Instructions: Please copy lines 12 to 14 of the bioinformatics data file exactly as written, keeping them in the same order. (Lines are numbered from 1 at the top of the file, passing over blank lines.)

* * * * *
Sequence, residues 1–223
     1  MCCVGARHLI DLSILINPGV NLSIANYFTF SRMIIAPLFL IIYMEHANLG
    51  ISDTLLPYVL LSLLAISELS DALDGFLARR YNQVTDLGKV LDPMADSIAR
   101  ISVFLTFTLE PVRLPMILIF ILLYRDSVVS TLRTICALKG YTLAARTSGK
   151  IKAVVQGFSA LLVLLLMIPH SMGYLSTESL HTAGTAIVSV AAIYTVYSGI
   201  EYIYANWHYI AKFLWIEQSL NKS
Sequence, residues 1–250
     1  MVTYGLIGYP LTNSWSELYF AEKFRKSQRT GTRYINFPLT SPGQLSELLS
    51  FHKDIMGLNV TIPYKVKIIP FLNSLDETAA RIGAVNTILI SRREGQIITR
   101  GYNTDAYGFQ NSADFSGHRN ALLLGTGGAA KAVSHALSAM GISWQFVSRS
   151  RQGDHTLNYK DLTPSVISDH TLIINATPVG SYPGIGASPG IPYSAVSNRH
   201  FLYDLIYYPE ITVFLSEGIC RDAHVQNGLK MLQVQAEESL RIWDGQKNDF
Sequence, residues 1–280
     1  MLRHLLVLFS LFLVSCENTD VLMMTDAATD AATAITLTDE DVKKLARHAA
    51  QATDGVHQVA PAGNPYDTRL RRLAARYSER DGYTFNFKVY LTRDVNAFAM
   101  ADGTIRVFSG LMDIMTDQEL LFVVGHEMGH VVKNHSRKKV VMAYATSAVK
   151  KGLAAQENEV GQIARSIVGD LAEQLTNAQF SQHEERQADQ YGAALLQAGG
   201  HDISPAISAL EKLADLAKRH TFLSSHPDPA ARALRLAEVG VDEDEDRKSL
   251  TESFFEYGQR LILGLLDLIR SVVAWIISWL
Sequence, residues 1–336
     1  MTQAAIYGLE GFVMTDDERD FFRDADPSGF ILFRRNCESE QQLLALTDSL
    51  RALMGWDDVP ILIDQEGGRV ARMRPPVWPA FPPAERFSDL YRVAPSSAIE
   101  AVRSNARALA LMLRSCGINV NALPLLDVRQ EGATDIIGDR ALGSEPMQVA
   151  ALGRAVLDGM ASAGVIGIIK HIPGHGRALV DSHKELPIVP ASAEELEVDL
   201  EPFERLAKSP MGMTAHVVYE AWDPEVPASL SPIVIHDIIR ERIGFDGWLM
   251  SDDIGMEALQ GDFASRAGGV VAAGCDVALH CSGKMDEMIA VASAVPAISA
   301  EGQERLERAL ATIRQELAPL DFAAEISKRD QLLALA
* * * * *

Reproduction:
   201  FLYDLIYYPE ITVFLSEGIC RDAHVQNGLK MLQVQAEESL RIWDGQKNDF
Sequence, residues 1–280
     1  MLRHLLVLFS LFLVSCENTD VLMMTDAATD AATAITLTDE DVKKLARHAA